Great question! Many people want to earn a better return on their emergency savings than they currently are, however, a basic savings or money market account is the most appropriate. Accounts that offer the kind of protection and access that you need for emergencies are typically going to produce a lower yield and that is OK. I tell people to look at online banks, like www.ally.com, they pay 1% APY and give you access by linking your primary checking or savings account to it. Again, the main goal is to have the money handy in case of emergency. If you can earn a little bit of interest, that is just icing on the cake!
This is a question that can only be answered by looking at the policy you purchased and see how cash value is credited. Your particular situation may warrant a whole life policy, but very rarely is this a product that I recommend. Life insurance is a tool to cover any remaining liabilities and fund financial goals when you die. It should not be used as a savings or investment account, because, as you have noted, the returns are typically very low. I would recommend you look into the cost of a term life policy vs. the policy you currently own and see what the payment difference would be every month. A 20 or 30 year term policy should be much cheaper and allow you to focus on other financial goals like building long-term wealth. I hope this helps! If you still have questions, talk to a fee-only financial planner.
This is a great question and I thank you for asking. There are many questions when it comes to saving and retaining benefits for individuals with disabilities. However, there is a new option available through the Achieving a Better Life Experience Act! This allows individuals and families to maintain eligibility for benefits while saving money for the future. This legislation was passed in 2014, but only a few states have programs in place so far. Hopefully more will come online soon. But, I recommend going to the following website, http://www.ablenrc.org/about/what-are-able-accounts to learn more about ABLE accounts and how they may benefit your niece. I hope this is of some help! If you have other questions about ABLE accounts, contact a fee-only financial planner.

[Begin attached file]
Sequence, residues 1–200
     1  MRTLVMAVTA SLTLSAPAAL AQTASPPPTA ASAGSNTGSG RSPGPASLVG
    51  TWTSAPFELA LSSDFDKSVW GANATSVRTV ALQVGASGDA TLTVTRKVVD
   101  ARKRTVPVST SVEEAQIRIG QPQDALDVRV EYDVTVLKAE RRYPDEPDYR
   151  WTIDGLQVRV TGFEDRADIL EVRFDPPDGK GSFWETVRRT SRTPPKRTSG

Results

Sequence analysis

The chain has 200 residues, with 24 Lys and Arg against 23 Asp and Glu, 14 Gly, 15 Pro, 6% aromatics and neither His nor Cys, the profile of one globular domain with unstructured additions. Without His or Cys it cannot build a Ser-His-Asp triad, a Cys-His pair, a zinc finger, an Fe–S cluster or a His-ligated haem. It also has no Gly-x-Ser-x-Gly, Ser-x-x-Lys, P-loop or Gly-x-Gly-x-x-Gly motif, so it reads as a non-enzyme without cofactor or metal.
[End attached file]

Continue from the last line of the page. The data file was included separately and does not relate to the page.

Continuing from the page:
First and foremost, congratulations on your six-figure net worth at 29! There are a number of ways to generate some passive income in today's economy. One of the ways, as you alluded, is to have a rental property. Now, there are a lot of headaches with being a landlord, so plan on using a really good property manager, so you can travel. The average charge is around 10% of your rental rate.
Another good way to generate some income is through dividend investing, which it sounds like you are already doing, but instead of re-investing the dividend, you can take it as cash and have it direct deposited. But, if you were to average a 3% yield on your dividend portfolio of $64,000, that would only be $1,920 a year.
Not sure of your profession, but one of the best ways to generate extra income is by having a "side hustle". A business that generates extra cash on the side. Maybe you can do some consulting in your field of expertise. Or you could start a Blog, either about something you are passionate about, about your money journey, about your backpacking adventures, or all of the above!
You also mentioned your available credit, which tells me you would potentially be willing to finance a "business opportunity". In terms of using leverage, one of the best opportunities you have is in real estate. I would talk to a Real Estate agent in your area that specializes in income properties. They should be able to tell you what are viable options, if any, and then you can see if owning rental property is even an option. I hope this offers a little insight. If you still have questions, talk to a fee-only financial planner.